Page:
14 Feb

Some forms of conflict require advanced facilitation, and others can be worked out by open dialogue and a little time spent together to work through differences. 

An everyday activity used in business can be applied to conflict resolution: Start, Stop, Change. Sometimes referred to as “Start, Stop, Continue” or “Stop/Delta,” internal team members can run these meetings to bring issues to the forefront and lead a group through articulating a path forward.

Let’s break it down: 

Ground Rules 

Start each facilitation session or conflict resolution meeting by setting ground rules and getting each participant’s buy-in to those rules. Post the rules (or use a digital whiteboard for virtual meetings) and refer to them as often as necessary. Examples of ground rules: 

  • Stick to specific observations
  • Avoid generalizations
  • Please don’t make it personal
  • Confidentiality (Vegas rule)
  • No repercussions for people who participate openly and honestly, if we are all professional
  • Everyone participates
  • Everyone shares in the future state, which means adjusting for the sake of the team’s success

 Issue Identification 

For some conflict resolution sessions, there is a specific issue at the forefront of the situation. Often, there is a combination of factors or smaller issues contributing to the conflict. It can be time consuming and unproductive to take each issue one at a time (especially if the contributing factors and possible solutions are interrelated). For this exercise, we recommend getting all the issues out on the table at once. We do not problem solve at this point, but we want to ensure understanding of the issue. Frequently ask the group if they understand the issues on the table, which is not the same as asking for agreement.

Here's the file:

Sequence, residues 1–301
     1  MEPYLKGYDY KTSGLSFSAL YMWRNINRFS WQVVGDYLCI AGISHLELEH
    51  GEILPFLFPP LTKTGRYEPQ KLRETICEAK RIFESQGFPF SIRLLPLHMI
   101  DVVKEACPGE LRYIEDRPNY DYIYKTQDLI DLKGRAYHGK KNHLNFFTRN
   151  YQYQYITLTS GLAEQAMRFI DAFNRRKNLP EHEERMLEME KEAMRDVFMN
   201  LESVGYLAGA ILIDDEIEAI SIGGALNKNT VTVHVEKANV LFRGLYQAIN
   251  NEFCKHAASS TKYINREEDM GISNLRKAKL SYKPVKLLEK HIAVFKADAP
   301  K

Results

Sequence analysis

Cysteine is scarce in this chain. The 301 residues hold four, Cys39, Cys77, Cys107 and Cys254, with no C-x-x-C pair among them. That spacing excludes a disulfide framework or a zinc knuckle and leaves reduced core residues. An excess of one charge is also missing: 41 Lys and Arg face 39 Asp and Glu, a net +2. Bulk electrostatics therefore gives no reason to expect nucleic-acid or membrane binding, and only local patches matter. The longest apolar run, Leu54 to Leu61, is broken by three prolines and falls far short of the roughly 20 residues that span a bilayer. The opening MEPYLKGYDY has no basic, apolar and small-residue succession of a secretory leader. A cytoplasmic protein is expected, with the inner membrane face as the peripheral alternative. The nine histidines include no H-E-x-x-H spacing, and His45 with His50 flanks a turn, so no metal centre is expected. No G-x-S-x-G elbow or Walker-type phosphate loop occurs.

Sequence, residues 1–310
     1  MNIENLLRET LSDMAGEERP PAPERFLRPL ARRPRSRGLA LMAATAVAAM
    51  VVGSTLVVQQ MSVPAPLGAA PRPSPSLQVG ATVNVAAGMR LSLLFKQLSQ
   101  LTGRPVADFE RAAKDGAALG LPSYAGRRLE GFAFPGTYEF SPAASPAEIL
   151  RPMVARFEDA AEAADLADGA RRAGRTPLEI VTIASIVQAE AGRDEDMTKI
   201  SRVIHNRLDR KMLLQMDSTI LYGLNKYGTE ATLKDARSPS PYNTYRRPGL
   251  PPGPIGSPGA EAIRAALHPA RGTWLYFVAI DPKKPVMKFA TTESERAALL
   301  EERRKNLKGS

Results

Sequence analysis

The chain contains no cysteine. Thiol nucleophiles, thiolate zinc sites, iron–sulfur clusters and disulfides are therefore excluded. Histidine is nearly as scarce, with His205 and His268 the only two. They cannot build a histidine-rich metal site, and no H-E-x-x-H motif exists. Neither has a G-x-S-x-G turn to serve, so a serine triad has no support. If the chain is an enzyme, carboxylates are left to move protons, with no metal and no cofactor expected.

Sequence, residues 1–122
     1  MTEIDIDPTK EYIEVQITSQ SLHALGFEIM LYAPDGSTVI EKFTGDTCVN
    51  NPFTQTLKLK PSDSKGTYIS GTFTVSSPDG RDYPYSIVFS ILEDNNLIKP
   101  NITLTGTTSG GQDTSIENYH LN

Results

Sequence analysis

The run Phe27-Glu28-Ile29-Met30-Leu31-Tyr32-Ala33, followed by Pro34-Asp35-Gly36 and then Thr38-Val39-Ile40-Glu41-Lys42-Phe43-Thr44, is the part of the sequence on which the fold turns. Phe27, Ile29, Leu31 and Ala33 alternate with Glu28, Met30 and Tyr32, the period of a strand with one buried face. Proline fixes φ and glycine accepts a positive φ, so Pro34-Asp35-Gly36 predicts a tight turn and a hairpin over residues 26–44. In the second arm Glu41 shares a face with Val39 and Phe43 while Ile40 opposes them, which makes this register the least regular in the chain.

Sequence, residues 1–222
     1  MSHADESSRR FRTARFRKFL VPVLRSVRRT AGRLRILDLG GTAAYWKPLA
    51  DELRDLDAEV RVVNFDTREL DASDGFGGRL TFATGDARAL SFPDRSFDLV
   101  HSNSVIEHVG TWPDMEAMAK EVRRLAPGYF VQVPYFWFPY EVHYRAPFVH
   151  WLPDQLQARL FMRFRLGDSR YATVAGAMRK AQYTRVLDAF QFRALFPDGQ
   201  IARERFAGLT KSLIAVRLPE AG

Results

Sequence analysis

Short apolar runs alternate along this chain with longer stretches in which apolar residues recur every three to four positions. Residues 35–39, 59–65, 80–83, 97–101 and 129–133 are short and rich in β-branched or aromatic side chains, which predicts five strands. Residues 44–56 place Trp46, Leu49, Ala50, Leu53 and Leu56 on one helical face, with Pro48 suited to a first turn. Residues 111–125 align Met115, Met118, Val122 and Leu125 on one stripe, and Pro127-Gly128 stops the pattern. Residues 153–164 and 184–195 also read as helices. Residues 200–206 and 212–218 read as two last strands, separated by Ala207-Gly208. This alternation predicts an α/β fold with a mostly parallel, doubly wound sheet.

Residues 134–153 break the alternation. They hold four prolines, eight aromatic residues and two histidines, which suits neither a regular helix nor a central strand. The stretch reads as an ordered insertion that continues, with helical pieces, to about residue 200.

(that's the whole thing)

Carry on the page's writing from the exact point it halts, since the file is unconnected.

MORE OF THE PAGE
Stop, Start, Change 

Now we move into problem-solving. We make three columns and agree as a group on things we collectively need to stop doing, start doing, and do differently. Some facilitators like the change column to be “continue” so decide which works best for your team and your situation. I prefer to go one column at a time to focus the group’s thinking. 

Let people suggest things and when the conversation dies down, ask if there are any items listed that people do not agree with or need more information to understand. 

What if no one speaks up? Sit quietly. Someone will fill the silence. If necessary, clarify the “ask” and sit quietly again. 

Ask the group for commitment to each thing on the list. If someone is hung up on an item, revisit it until each person can agree. 

Individual Buy-In 

Now that the group has collectively agreed to each thing that needs to be started, stopped, or changed, it is time to get everyone committed to their part. Have each participant name at least one thing they will personally commit to doing in the next week. 

Next Steps 

In closing, agree on when and how each person will be held accountable. How will the group hold itself accountable, and what will the cadence be to revisiting these commitments?

 A professional or internal facilitator can use the Stop, Start, Change exercise. 

At Deep End Talent Strategies, we are often called upon to facilitate team sessions. 

Going it alone?

Download our free template presentation to facilitate this within your organization. 

Shawna Lake is the Founder of Deep End Talent Strategies, an HR consulting firm based in Indianapolis, works with growing businesses throughout the US.



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